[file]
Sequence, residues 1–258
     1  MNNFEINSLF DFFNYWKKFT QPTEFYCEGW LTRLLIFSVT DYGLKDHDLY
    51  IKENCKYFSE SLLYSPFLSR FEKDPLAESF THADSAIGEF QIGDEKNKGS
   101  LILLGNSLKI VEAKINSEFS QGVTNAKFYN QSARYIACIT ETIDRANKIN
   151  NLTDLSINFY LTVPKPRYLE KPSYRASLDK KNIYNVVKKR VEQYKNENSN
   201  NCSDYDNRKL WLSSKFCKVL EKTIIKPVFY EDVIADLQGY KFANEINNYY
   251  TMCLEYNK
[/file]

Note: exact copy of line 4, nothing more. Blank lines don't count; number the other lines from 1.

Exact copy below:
   101  LILLGNSLKI VEAKINSEFS QGVTNAKFYN QSARYIACIT ETIDRANKIN